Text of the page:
• Michael
    2019-03-18 06:03

    I picked up this book from my library as I was borrowing another. Prior to reading this book I knew nothing about the Marcellus Shale fracking issues except that it was controversial. After reading this book, I am aware of the issues but I would still say that I don't have an informed opinion. Wilber did a great job chronicling the fracking industry as it pertained to New York and Pennsylvania. His story tracks several families and their plight against Cabot and other large oil & gas exploration companies.I found the narrative too anecdotal and too slanted towards the liberal side. Of course I'm concerned about the water rights, pollution, etc. But I would have liked to know if towns and counties were economically boosted by the sudden influx of royalty payments and jobs. If towns were boosted, it was glossed over.The book was dense with names, spill events, reports of poor record-keeping, and sad stories of "the man" getting you down. Unfortunately, I don't know of a better book to read to learn about fracking.P.S.

  • Jadie
    2019-03-02 23:41

    Under the Surface is your best bet at learning as much as you can about the Marcellus shale gas development of the past decade in ~220 pages, from everything you wanted to know, to everything you didn't, to things you didn't even imagine you would have wanted or not wanted to know.Wilber's sources and experiences are comprehensive and come from both advocates and opponents of the natural gas industry. He weaves these all together to paint a picture of what the state of "energy independence development" looks like in the Northeast, and likely in other places where hydraulic fracturing has been put into effect (the West, the South, and coming to a community near you). In many ways, he leaves it to you to form an opinion on the controversial issue, and he doesn't leave out one thing when it comes to depicting the idea of wealth beyond comprehension that landowners were offered or the suffering at the exploitative hands of the industry, whether that means lack of access to clean water, home air contamination, or even exploding houses and wells.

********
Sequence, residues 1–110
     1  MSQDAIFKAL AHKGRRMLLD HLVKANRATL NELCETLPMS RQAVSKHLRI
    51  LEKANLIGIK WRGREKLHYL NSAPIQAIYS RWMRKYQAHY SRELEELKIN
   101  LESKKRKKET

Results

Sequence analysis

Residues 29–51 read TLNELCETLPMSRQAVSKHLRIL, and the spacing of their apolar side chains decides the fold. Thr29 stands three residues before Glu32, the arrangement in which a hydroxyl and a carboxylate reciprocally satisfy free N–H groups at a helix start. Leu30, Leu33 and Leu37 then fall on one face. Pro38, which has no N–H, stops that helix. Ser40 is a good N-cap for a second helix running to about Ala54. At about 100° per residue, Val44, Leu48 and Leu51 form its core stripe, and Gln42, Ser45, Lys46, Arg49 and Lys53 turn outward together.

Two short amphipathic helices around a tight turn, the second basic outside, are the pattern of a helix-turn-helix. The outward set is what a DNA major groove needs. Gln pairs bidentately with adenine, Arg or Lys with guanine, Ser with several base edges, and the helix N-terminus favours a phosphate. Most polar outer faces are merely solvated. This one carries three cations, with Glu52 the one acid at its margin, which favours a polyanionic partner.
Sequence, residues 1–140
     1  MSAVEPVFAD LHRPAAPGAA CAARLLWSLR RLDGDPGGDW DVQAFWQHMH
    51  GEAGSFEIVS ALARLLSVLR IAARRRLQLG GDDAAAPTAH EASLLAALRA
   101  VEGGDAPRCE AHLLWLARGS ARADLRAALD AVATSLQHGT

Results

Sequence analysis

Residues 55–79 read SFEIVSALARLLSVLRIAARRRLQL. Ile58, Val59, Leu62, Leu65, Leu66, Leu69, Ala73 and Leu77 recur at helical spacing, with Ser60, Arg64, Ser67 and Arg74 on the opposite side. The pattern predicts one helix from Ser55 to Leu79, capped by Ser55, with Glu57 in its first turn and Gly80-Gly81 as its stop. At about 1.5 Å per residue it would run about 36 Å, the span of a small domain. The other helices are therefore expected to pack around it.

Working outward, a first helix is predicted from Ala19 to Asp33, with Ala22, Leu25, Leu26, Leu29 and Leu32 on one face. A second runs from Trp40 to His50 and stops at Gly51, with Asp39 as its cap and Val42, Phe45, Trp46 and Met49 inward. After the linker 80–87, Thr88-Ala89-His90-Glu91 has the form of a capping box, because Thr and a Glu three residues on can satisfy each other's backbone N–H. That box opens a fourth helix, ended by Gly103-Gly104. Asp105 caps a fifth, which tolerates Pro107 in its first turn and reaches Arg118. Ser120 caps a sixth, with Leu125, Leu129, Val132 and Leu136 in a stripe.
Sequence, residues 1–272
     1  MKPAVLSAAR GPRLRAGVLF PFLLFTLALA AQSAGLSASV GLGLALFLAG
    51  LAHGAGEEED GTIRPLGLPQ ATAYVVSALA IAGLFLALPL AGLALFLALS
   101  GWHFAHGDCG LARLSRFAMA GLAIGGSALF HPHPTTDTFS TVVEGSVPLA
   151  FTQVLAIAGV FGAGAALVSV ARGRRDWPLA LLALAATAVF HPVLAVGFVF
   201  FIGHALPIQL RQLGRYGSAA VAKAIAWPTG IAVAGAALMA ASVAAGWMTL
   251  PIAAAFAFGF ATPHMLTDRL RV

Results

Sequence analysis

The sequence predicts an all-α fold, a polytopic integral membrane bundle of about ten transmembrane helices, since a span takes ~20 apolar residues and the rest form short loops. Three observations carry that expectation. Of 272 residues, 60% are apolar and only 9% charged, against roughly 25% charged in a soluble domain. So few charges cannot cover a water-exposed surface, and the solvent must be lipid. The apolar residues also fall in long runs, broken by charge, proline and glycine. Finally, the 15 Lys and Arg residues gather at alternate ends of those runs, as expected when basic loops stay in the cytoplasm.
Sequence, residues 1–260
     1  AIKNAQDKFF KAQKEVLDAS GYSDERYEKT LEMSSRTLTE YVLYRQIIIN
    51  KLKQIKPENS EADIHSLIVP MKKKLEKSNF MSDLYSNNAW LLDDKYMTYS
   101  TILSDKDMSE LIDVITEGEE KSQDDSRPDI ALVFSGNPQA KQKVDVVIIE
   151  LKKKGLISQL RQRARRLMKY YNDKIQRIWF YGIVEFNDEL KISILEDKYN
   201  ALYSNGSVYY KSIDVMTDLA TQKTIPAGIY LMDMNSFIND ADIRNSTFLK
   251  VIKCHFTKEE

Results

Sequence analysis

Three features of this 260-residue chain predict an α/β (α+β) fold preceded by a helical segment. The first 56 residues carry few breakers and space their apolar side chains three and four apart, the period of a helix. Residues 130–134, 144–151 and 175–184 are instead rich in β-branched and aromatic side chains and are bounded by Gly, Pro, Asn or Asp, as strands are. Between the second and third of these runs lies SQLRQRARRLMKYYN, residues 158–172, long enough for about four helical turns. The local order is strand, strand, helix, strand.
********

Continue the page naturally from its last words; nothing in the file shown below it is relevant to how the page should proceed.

• Sam
    2019-03-19 04:41

    An edifying look into the issues surrounding hydraulic fracturing in Pennsylvania and New York. Wilbur provides insights into the under-the-radar development of the unconventional drilling boom in Pennsylvania and the corresponding moratorium in New York. He presents both sides of the issue, from landowners and activists concerned about drinking water, to industrial advocates interested in the large sums of money to be gained by natural gas drilling, in addition to the simmering academic debate on the facts. Fracking began silently, but it is already changing the face of communities across the nation. Under the Surface offers a through introduction to this controversial issue.

  • Mike W
    2019-03-12 00:34

    Very interesting, well written book. Keep in mind, this is a non-fiction. Some of the book gets a little technical, but I think must in order to describe the fracking process required to smash the natural gas out of the shale.The progression of the interest in the Marcellus Shale by exploration firms is fascinating, as is the impact on the landowners.The book is mostly balanced, although I think it tips slightly toward the environmentalist and individual rights side, and away from Big Business.A worthwhile read, as the Marcellus shale will be up there with the West Cost gold rush and the Texas (and PA for that matter) oil boom.